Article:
From US to Britain and beyond, democracies are slowly being destroyed
After a year of intense turmoil and uncertainty across world, the unstoppable march of democracy seems to be crashing into the immovable opinions of angry voters. Like a train crash in slow motion, democratic norms are being ripped up across the western world. It’s important that Indians pay attention and learn from these mistakescolumns Updated: Jan 07, 2017 00:25 IST
Twenty-five years ago, after the fall of the Berlin Wall, the western world’s leaders declared that liberal democracy had triumphed over communism. Little did they know a generation later the same people would be trying to destroy what they had so long defended.
After a year of intense turmoil and uncertainty across world, the unstoppable march of democracy seems to be crashing into the immovable opinions of angry voters. Like a train crash in slow motion, democratic norms are being ripped up across the western world. It’s important that Indians pay attention and learn from these mistakes.
A few weeks ago, an American political scientist claimed the state of North Carolina no longer qualified as a democracy according to his elections index. Why? Because local politicians in that state had become masters at restricting votes, abusing their power and carving up voting districts to hurt opponents.
North Carolina is a microcosm of a political trend that could be the future of the United States, and even Britain. In both countries an angry political divide is opening up between younger, more liberal-minded voters and an older, more conservative generation. This divide isn’t just cultural but economic too. Younger people face job insecurity and a much higher cost of living than their parents’ generation ever did. And yet, politicians pay little attention to them because the older generation, desperate to preserve their power, come out to vote in greater numbers.
In the US, this has even led the Republican Party to try every dirty tactic in the book: Restricting non-white people from voting, redrawing voting districts in their favour, accusing opponents of “massive voter fraud” (Trump) without evidence and so on.
Britain is in danger of going down the same path. Since 2010, the elected Conservative government has thrown millions of people off the electoral register by making registration harder and redrawing constituency boundaries in their favour.
Worse, independent civil servants and judges are now routinely attacked by politicians and the media for not toeing their line in favour of Brexit. Last year, one newspaper called three high court judges “enemies of the people” simply for ruling, correctly, that MPs had the ultimate power to trigger Brexit, not the government alone.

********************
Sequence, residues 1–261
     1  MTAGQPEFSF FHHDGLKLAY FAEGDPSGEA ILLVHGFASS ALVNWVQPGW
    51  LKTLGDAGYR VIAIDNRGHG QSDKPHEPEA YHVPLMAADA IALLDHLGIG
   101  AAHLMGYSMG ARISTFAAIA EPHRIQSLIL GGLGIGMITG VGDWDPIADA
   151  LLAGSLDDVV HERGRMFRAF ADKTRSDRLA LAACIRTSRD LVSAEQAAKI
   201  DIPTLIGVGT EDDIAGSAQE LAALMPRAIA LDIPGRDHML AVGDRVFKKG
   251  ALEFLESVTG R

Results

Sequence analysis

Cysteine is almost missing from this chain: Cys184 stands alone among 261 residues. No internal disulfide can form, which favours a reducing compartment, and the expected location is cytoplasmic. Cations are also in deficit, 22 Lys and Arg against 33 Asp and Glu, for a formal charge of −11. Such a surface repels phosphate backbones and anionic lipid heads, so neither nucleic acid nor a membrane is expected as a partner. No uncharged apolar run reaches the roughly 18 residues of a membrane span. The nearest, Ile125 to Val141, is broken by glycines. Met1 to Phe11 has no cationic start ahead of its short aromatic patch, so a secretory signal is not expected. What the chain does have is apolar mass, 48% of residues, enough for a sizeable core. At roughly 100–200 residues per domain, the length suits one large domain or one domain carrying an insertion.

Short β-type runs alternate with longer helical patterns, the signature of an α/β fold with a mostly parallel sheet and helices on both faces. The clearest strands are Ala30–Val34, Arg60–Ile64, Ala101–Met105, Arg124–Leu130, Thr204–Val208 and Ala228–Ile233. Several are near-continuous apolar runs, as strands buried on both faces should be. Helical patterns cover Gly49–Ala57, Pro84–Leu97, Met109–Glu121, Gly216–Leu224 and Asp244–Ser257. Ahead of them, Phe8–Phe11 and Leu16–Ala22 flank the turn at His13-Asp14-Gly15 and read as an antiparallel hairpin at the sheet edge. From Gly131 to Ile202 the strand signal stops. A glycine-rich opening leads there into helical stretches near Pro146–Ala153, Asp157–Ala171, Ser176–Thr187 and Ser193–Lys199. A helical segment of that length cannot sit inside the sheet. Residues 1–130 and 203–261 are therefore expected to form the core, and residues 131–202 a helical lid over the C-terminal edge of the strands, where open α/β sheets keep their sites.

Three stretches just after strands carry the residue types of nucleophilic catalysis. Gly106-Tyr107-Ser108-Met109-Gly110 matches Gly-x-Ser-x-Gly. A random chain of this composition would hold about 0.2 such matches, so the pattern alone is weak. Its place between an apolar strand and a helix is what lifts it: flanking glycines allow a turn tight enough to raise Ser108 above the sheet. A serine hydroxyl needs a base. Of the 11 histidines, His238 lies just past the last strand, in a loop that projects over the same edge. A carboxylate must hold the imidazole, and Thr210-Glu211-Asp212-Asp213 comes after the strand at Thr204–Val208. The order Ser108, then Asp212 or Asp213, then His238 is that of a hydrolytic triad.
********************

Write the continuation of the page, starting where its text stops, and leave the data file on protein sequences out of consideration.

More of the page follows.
British MP David Lammy tweeted in anger: “Brexiteers assault parliamentary sovereignty, then judicial independence, now civil service impartiality. The tenets of our democracy.”
The US and Britain aren’t alone in this worrying tendency of throwing out long-established rules for political gain. France has been under an official “state of emergency” since the November 2015 terror attacks. But the move is more political than logistical; an attempt by the unpopular government to pretend it is doing everything to counter the Islamic State.
The effect of all this is potentially disastrous. Trust in government among Americans has fallen from 70%-plus in the 1960s to a historic low of under 20% now. In Britain, only 17% of the public feel politicians place their own interests over the nation’s needs . A survey found that politicians in Britain were trusted even less than bankers.
A democracy is only as good as the clear rules, impartial institutions and public trust it has. Without them it becomes a tinpot dictatorship behind a comforting facade. It’s not just running the economy or protecting citizens that matters — the public have to trust the system is trying to work for them even if it is imperfect.
And this is where the problem lies. Britain calls itself the “birthplace of parliamentary democracy”. America sees itself as a leader of the free world. But the truth is that angry and untrusting voters are always ripe for being seduced by dictators. No country is destined to forever march towards progress unless its people fight for those rights, day in and day out.
Indians are rightly proud of living in the world’s largest democracy. They should be pleased in having a strong Supreme Court, independent-minded judges and an electoral commission that, for all its faults, does its job. That is not enough.
Even now its political parties abuse and undermine Indian democracy. The Congress did so under Indira Gandhi and the Emergency. The BJP is now doing so now. The NDA government has attacked and shut down critics from NGOs, the BJP has frequently ignored the electoral commission during elections, and made grave charges against political opponents without evidence. The list is getting worryingly long.
The BJP dismisses this as agenda-driven of course. Some of the criticism may be, but it is the chipping away of democratic principles (the right to criticise, following fair rules) that should worry Indians. A few slides can soon lead to an avalanche.
No political party’s cause can justify undermining democracy. Unless Indians are careful of what is happening around them, soon they might wonder how they ended up in a country that looks very remote from Jawaharlal Nehru’s India.
Sunny Hundal is a writer and lecturer on digital journalism based in London
The views expressed are personal